Note: Pole pass frequency is the slip frequency times the number of poles. The slip frequency is the difference (in terms of frequency) between the actual RPM and the synchronous speed.

Presence of pole pass sidebands around 1N and 2Lf is the key indicator of this fault. One needs sufficient resolution to see those sidebands. Else we would either miss them altogether or mistake them for resonance (a broadening of the base of the peak).

Waveform: Time waveform that covers many seconds of time will reveal the pole pass frequency modulation. Due to lack of impacting the waveform will smooth and will be a combination of the 1N and 2Lf frequencies of vibration.

Phase: Not applicable for this fault unless eccentric forces are high in magnitude.

 

Dibyendu De

Eccentricity in general

Symptoms are generally 1x radial (Vertical and Horizontal for a horizontally mounted machine).

Eccentricity occurs when the centre of rotation is offset (like offset misalignment) from the geometric centreline of a gear, motor rotor or a pulley.

It would generate strong 1x radial peak — in the direction parallel to the rotor/gear/pulley. This condition is common and mimics unbalance.

For gear eccentricity we would see 1x sidebands

For motor rotor eccentricity we would see pole pass sidebands.

Time waveform would be sinusoidal when viewed in velocity. Vibration from gear will also have gear mesh vibration and modulation of the turning shaft of the offending gear.

Phase: If belt driven, phase readings taken parallel and perpendicular to belts will either be in phase or 180 degrees out of phase. For a direct driven component, vertical and horizontal readings will be 90 degrees out of phase.

Rotor Bow

General symptom: 1x radial (Vertical and Horizontal direction of horizontal machines)

Usually a rotor bow in a motor looks like a static imbalance. Broken bars and loose connections (at motor terminals and at MCC) cause motors to heat up (localized) owing to uneven current flow through the phases causing rotor bow — uneven weight distribution around the rotor’s centreline. Hence we see high amplitude peak at 1x running speed in the radial and horizontal directions.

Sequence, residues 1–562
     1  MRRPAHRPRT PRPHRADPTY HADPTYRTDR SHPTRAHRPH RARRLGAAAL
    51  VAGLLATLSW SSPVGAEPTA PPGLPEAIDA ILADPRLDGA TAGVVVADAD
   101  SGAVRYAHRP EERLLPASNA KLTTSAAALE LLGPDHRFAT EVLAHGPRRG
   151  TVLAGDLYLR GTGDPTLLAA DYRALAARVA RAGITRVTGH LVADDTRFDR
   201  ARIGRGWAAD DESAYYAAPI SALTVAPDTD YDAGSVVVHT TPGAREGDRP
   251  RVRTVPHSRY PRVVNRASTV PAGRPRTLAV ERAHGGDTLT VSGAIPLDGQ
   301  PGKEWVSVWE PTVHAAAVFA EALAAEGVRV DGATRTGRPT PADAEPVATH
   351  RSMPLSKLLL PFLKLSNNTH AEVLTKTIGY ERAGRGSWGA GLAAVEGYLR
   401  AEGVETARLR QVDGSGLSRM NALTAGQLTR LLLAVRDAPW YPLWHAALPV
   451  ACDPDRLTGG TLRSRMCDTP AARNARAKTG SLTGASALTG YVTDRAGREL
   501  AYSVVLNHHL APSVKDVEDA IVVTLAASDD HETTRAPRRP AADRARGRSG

Localized overheating can be seen on the motor body through infrared thermal imaging.

The effect of can also be seen on the rotating air gap — a high peak at 2xLf with pole pass sidebands around 1x and 2x peaks. The 2x peak often comes up when the effect is more severe.

The time waveform would be sinusoidal when viewed in velocity.

Phase: expect 90 degree shift between vertical and horizontal axes. The inner race will move in and out once per revolution with a bent shaft

Notes on detecting Unbalance

Unbalance is a condition where a “shaft’s centreline” and mass centreline don’t coincide or when the centre of mass does not lie on the axis of rotation. This can be visualised as the a heavy spot somewhere on the shaft.

There are three types of unbalance.

  1. Static
  2. Couple
  3. Dynamic — which is a mix of static and couple unbalance — when the rotor is not narrow compared to its diameter or in other words — when the rotor is long compared to its diameter.

With unbalance, we expect to see high amplitude of 1x (fundamental) in the signature. Usually, for horizontal machines, the vibration levels are approximately equal in the radial directions (vertical and horizontal). However, we might expect to see higher vibration in the horizontal direction, which is due to change of stiffness. It can be quite different for a vertically mounted machine where we may find the vibration in the flow direction appreciably higher than the tangential direction, which is perpendicular to the flow direction.